StateUniversity Lecturers and TutorsAll Jobs Average
    NSW31.031.6
    VIC28.625.6
    QLD17.720.0
    SA7.07.0
    WA9.010.8
    TAS2.22.0
    NT0.81.0
    ACT3.71.9

    Age Profile

    Age Profile (% Share)

    Source: Based on ABS Census 2016, Customised Report. Age profile of workers in this job compared to the all jobs average.
    Age BracketUniversity Lecturers and TutorsAll Jobs AverageAll Jobs Average
    15-190.6-5.05.0
    20-246.4-9.39.3
    25-3417.7-22.922.9
    35-4423.7-22.022.0
    45-5424.1-21.621.6
    55-5911.9-9.09.0
    60-648.7-6.06.0
    65 and Over7.1-4.24.2

    Education Level

    Highest Level of Education (% Share)

    Source: ABS Census 2016, Customised Report. Highest qualification completed by workers in this job (in any field of study). Qualifications needed by new workers might be different from the qualifications of workers already in the job.
    Type of QualificationUniversity Lecturers and TutorsAll Jobs AverageAll Jobs Average
    Post Graduate/Graduate Diploma or Graduate Certificate75.4-10.110.1
    Bachelor degree18.3-21.821.8
    Advanced Diploma/Diploma1.2-11.611.6
    Certificate III/IV0.6-21.121.1
    Year 124.4-18.118.1
    Year 110.1-4.84.8
    Year 10 and below0.1-12.512.5

    A formal qualification in your area of expertise is needed to work as a University Lecturer or Tutor. Most University Lecturers and Tutors have completed postgraduate studies.

    Thinking about study or training?

    Before starting a course, check it will provide you with the skills and qualifications you need.

    • Search and compare thousands of higher education courses, and their entry requirements from different institutions across Australia at Course Seeker website.
    • Compare undergraduate and postgraduate student experiences and outcomes on the QILT website.

    Or check out related courses on Job Outlook.

    The course listings on this page are provided by Good Education Group.

    Employers look for University Lecturers and Tutors who are accurate and pay attention to detail, motivated and have good interpersonal skills.

    Filter Skills & Knowledge

    Knowledge

    These are important topics, subjects or knowledge areas.

    1. Education and Training

      91% Skill level

      Curriculum and training design, teaching and instruction for individuals and groups, and the measurement of training effects.

    2. English Language

      86% Skill level

      English language including the meaning and spelling of words, rules of composition, and grammar.

    3. Communications and Media

      69% Skill level

      Media production, communication, and dissemination. Includes written, spoken, and visual media.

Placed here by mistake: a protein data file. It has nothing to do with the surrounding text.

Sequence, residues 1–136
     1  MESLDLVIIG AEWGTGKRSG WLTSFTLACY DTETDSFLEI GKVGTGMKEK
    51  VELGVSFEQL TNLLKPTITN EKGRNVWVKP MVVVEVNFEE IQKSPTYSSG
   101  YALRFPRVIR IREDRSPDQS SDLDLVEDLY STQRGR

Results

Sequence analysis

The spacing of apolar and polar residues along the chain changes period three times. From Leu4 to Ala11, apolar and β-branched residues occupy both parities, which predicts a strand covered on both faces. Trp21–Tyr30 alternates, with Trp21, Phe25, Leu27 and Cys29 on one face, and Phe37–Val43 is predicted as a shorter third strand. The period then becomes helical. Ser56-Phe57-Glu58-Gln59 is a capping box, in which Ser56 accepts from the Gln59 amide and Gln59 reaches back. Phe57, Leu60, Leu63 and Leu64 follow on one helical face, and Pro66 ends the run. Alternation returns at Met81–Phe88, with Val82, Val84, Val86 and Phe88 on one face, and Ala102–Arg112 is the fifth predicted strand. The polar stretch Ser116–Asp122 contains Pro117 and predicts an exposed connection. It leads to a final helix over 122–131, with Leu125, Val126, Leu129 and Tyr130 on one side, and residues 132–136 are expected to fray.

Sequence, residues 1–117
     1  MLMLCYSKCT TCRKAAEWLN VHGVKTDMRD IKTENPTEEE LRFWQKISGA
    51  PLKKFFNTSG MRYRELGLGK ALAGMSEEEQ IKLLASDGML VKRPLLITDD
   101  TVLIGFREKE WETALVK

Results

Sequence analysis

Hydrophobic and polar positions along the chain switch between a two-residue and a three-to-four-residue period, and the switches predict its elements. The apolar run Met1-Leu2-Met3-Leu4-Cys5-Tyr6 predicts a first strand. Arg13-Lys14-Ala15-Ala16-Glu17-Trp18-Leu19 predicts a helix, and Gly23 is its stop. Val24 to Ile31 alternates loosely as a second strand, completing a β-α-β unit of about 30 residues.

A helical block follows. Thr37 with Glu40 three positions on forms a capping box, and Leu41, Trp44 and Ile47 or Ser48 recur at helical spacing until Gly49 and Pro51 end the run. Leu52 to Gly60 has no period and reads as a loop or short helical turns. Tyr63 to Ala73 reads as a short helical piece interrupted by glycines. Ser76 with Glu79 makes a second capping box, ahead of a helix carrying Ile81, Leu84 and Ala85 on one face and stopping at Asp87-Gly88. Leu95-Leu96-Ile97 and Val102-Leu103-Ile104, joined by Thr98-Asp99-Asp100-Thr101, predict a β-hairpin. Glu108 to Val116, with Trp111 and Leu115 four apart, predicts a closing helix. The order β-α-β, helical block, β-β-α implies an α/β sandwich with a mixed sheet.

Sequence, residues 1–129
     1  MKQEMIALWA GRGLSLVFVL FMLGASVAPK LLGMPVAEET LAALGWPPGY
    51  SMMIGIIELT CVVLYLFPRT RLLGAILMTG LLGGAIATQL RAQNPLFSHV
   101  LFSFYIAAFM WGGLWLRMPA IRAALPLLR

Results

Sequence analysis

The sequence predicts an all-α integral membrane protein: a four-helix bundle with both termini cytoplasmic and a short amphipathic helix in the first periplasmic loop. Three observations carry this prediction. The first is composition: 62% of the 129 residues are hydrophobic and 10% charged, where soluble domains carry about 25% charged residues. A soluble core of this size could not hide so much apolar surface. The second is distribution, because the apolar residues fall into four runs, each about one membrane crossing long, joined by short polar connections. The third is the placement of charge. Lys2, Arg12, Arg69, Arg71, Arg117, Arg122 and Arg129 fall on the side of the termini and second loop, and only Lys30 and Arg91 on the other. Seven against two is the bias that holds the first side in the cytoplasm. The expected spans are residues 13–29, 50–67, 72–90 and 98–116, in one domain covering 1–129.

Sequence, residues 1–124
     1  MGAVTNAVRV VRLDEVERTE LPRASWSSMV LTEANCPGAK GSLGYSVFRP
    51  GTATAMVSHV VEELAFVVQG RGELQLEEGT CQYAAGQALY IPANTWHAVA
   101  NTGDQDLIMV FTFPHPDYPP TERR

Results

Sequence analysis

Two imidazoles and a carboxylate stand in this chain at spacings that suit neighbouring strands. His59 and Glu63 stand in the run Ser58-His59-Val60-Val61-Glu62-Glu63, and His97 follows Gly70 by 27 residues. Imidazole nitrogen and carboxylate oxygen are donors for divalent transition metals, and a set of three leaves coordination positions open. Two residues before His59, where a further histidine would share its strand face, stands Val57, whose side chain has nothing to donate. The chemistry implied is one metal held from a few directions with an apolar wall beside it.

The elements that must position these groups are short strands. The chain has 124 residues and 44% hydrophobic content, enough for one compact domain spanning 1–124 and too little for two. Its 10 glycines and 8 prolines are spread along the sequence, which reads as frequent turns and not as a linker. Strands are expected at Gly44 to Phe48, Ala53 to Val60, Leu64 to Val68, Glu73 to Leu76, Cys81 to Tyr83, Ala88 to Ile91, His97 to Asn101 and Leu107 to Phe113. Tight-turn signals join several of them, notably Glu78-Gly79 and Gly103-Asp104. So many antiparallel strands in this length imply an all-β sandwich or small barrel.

4. Mathematics

      67% Skill level

      Arithmetic, algebra, geometry, calculus, or statistics.

    5. Customer and Personal Service

      67% Skill level

      Understanding customer needs, providing good quality service, and measuring customer satisfaction.

    Occupational Information Network
    O*NET is a trademark of the U.S. Department of Labor, Employment and Training Administration.
    The skills and importance ratings on this page are derived from the US Department of Labor O*NET Database Version 21.2, 25-1011.00 - Business Teachers, Postsecondary.

    Learn about the daily activities, and physical and social demands faced by workers. Explore the values and work styles that workers rate as most important.

    Filter Work Environment

    Demands

    The physical and social demands workers face most often are shown below.

    1. Indoors, Heat Controlled

      97% Important

      How often do you work indoors with access to heating or cooling?

    2. Electronic Mail

      97% Important

      How often do you use electronic mail?

    3. Freedom to Make Decisions

      96% Important

      How much freedom do you have to make decision on your own?

    4. Structured versus Unstructured Work

      96% Important

      How much freedom do you have to decide on tasks, priorities, and goals?

    5. Contact With Others

      90% Important

      How much do you have contact with people (face-to-face, by telephone, or any other way)?

    Occupational Information Network
    O*NET is a trademark of the U.S. Department of Labor, Employment and Training Administration.
    The skills and importance ratings on this page are derived from the US Department of Labor O*NET Database Version 21.2, 25-1011.00 - Business Teachers, Postsecondary.